Despite all of this, Cuba has managed to protect and build upon the achievements of Castro’s revolution, safeguarding the rights and welfare of its people which gradually implementing a process of incremental reform aimed at addressing the country’s economic problems. It has done this without succumbing to the demands or machinations of the United States, and continues to assert its sovereign right to determine its own destiny. Indeed, it is often paradoxical to find that many observers decrying the allegedly totalitarian tendencies of the Cuban government nonetheless manage to find respondents in Cuba willing to document that failings of the regime and the system at length; contrary to mainstream opinion, there is room for debate within Cuba, and its people and government are both cognizant of the challenges they face and capable of dealing with them.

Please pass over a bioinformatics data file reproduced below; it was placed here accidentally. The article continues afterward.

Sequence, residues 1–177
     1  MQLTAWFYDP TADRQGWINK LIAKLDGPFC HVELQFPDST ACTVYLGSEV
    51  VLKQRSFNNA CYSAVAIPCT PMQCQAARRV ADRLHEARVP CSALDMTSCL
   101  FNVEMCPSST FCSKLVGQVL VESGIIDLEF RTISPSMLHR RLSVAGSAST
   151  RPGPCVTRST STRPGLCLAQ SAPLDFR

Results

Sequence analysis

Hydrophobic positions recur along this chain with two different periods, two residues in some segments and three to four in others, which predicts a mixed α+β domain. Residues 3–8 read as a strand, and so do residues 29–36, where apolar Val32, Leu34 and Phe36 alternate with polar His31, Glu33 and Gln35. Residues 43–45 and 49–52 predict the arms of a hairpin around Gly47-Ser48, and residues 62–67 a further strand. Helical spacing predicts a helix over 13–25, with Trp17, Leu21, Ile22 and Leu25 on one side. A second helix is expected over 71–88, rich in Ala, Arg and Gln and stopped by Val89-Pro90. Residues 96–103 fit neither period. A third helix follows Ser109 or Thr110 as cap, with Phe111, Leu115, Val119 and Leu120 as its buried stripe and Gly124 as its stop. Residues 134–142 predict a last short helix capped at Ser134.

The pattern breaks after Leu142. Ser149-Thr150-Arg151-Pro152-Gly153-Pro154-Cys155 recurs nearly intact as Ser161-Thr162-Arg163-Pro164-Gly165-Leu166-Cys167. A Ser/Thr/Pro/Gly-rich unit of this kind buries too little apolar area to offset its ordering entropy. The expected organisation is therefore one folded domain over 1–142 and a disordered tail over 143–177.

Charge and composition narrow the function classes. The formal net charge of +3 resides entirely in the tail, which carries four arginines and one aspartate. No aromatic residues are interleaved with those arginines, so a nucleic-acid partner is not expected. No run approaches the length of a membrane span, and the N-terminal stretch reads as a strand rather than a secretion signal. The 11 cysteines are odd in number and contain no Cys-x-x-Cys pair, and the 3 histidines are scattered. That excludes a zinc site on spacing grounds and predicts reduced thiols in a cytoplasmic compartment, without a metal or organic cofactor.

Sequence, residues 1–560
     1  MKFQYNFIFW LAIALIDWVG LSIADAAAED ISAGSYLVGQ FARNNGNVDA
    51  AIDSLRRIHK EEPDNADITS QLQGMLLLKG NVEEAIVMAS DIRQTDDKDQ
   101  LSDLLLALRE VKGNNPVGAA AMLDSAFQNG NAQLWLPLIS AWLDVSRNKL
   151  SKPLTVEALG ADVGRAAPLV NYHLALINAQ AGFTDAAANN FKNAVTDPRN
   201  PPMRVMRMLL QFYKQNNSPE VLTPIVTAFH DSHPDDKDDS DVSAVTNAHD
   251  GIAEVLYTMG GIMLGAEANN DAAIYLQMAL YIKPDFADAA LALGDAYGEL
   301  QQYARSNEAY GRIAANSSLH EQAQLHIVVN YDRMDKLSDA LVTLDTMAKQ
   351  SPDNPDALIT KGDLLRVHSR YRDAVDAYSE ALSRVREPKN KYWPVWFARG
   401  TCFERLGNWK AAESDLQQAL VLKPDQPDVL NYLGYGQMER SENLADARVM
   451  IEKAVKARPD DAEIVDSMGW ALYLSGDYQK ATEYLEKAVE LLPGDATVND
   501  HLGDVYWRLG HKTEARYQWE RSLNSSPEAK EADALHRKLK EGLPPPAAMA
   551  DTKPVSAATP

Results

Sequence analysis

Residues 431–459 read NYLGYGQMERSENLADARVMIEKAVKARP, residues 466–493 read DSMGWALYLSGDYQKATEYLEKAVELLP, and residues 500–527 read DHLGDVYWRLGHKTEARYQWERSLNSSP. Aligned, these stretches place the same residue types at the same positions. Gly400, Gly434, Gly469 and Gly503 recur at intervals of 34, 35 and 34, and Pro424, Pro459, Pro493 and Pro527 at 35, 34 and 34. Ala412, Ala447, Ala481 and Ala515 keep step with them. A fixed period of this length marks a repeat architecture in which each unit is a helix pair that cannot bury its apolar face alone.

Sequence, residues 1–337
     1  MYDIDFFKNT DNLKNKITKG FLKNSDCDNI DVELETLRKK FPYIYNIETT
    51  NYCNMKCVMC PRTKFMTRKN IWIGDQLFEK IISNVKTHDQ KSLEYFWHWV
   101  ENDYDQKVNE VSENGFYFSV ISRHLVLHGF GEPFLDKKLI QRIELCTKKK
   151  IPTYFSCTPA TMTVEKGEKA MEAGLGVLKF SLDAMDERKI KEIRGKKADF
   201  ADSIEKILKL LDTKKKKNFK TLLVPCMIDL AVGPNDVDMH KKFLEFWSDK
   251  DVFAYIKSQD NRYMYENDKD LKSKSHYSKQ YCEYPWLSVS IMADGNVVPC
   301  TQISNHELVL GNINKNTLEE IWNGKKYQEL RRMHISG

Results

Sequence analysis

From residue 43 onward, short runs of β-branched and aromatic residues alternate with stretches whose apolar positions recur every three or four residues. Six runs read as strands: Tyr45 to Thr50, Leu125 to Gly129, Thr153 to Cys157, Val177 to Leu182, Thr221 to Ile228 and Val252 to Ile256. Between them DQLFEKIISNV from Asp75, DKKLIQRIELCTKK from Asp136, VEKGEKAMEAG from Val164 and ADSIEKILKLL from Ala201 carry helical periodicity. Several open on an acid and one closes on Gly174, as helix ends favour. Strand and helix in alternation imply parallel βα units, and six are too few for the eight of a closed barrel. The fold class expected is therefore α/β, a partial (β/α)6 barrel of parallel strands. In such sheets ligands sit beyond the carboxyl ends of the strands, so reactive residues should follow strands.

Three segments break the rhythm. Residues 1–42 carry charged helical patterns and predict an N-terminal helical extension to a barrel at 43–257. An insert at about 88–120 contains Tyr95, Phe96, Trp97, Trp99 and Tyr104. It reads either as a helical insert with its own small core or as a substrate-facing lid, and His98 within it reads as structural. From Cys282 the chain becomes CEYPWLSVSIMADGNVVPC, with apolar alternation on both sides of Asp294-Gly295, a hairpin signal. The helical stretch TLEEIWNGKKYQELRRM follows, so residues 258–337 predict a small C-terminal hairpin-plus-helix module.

It is ironic that Castro, routinely pilloried and slandered as a dictator, does not have a single road or street named after himself in Cuba. Instead, he has left behind a legacy of hope, and an enduring belief in the possibility of building a truly radical and transformative alternative to the status quo. With his unabashed commitment to socialism, his championing of racial equality and national self-determination, and his support for progressive movements around the world, Fidel Castro will long be remembered as one of the most visible and potent opponents of imperialism and the capitalist world order.